An important factor with all Quo Vadis papers is that they make a real effort to source their paper from certified forests and to treat their employees well. I have no problem if that adds to the cost of their products.

These were great papers to test!

Noodler’s Ahab Flex Nib Fountain Pen

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I borrowed my daughter’s Noodler’s Ahab flex nib fountain pen to try out. This popular pen was first introduced about 5 years ago and features a steel flexible #6 nib. The ink reservoir is filled using a slide piston mechanism which works like a syringe. It is made of a celluloid derivative (an early form of plastic) which gave it an unpleasant smell when it was new but has since disappeared. Her model has a distinctive striated look (this one is called “Apache Tortoise”) that adds to the retro look as does the fairly fat body with a nicely shaped curved clip.

I can’t say my handwriting style makes the most of the flexible nib. You really have to press quite hard to get the thicker lines that the flexible nib promises. You may appreciate it more if you were using the pen for calligraphy or sketching. Other than that, it writes smoothly and is excellent value for the price.

If this pen was a person it would be a cool hipster dude with tortoise rim glasses and skinny jeans rolled with a cuff last overheard recommending beard oil to his friend. And with a name like Ahad he would have to have a navy peacoat.

Coming next week:  Rhodia and Habana paper samples.

Journals

From writing to-do lists to keeping a journal, I still use pens and paper every day. There is something about handwriting that activates the brain in a different way than typing. 

In particular, I find that keeping a journal helps me pay attention to my life. My first journaling attempts were in a little diary with a gold lock when I was still in elementary school. I didn’t have much to say and even less staying power.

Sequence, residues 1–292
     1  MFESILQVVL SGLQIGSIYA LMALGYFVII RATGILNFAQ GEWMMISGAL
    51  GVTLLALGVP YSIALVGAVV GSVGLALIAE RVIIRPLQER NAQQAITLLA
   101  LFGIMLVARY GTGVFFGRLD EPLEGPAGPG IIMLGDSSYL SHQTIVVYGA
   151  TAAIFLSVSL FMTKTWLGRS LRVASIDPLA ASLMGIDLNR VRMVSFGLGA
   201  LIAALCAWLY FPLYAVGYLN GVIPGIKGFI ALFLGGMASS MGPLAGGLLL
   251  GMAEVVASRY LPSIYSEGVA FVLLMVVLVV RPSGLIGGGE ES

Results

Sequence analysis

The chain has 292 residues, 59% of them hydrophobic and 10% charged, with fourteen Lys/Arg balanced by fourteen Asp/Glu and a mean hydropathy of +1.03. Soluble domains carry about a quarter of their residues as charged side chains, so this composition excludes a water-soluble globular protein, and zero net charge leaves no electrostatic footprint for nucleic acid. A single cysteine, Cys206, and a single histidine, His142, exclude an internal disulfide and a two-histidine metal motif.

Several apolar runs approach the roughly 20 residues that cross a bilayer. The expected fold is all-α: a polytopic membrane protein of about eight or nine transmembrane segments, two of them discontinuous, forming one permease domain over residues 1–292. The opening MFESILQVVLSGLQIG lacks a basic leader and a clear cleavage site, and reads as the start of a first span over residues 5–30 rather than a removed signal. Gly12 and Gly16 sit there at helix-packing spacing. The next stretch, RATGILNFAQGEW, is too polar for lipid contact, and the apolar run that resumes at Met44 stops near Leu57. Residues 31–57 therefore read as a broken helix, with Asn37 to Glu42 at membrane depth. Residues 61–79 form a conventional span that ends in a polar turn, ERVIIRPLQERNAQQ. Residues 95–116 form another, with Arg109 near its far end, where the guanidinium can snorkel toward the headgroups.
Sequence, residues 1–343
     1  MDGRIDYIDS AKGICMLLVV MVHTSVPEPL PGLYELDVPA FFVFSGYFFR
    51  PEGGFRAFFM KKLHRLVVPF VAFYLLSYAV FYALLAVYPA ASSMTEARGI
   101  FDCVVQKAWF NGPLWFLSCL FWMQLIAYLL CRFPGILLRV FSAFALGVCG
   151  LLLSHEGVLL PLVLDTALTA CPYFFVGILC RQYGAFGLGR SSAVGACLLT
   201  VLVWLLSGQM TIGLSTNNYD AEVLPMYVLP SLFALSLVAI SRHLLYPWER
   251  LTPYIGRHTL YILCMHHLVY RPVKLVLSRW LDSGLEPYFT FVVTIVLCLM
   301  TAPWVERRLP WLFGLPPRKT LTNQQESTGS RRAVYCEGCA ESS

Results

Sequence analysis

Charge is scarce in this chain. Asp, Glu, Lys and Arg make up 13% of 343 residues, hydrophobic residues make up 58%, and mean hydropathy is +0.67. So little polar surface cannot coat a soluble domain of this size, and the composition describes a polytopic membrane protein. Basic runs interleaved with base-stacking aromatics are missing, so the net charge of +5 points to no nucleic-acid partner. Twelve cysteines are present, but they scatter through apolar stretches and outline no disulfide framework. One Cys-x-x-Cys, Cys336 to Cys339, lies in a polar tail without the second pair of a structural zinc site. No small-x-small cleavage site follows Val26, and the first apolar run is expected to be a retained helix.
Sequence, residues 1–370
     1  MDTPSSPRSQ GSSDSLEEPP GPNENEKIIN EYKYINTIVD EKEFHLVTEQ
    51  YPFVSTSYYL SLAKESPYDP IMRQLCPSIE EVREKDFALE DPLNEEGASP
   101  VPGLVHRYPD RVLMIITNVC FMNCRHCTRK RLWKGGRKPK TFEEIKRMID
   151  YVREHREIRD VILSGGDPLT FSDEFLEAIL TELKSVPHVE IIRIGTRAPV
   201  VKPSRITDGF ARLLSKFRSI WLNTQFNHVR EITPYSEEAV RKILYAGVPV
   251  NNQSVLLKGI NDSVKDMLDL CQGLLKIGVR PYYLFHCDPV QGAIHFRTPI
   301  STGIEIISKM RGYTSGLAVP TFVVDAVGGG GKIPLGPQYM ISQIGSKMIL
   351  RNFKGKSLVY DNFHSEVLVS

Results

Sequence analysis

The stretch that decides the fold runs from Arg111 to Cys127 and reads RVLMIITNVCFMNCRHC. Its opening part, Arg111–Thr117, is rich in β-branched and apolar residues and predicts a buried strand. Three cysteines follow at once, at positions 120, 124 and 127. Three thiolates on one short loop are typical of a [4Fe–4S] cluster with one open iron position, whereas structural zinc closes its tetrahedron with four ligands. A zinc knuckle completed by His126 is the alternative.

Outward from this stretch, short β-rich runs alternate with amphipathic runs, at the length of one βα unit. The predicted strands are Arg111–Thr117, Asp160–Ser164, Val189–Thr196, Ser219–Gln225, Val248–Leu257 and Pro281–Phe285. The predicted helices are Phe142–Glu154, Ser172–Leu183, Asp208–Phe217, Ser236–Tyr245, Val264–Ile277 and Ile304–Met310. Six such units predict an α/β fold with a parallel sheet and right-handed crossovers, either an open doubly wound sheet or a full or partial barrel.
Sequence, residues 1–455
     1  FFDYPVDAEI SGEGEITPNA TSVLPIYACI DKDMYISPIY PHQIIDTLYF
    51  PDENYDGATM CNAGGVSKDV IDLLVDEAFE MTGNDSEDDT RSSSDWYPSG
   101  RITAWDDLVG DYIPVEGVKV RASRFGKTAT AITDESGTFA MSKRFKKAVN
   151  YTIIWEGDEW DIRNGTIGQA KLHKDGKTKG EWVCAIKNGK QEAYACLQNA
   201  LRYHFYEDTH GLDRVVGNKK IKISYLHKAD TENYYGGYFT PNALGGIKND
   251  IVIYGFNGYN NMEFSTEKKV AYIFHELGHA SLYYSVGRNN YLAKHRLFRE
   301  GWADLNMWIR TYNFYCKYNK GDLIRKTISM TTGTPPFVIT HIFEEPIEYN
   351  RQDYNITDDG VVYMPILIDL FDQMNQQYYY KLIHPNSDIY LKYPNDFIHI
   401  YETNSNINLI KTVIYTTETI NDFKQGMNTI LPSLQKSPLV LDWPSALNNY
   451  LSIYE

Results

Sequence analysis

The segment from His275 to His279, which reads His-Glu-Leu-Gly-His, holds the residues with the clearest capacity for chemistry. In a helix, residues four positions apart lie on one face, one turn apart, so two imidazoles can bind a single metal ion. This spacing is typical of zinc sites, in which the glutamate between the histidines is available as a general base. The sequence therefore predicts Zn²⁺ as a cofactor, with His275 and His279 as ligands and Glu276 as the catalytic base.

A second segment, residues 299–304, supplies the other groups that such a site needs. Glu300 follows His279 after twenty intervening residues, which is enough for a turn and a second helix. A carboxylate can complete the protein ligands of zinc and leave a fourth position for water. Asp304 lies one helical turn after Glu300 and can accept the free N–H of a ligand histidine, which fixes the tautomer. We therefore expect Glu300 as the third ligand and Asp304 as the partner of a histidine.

I tried again in my teens after being given a journal with a cool denim cover. While it is somewhat painful to go back inside my teenage mind, I do like that I stuck in some ephemera like a Wardair menu from a special trip to visit my grandparents. Ah, the days of glamorous air travel! I still like illustrating my journal with little extras I pick up during the day.  

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My next foray into journaling started in the early 2000s when I was trying to figure out the “what next” in my life after being at home raising my young daughters. At first I only wrote when I had time or felt I needed to work something out but after awhile the habit had become ingrained as a daily practice.

Over the years I have used many of types of journals and pens. I even tried an online journaling site, Penzu, which I still occasionally use. I like trying out new products and want to share my impressions about journaling and the tools I use. Although I love good quality, my budget means that I will focus on lower cost items. I hope you enjoy coming on this blogging journey with me!

Coming next week: Noodler’s Ahab Flex Nib Fountain Pen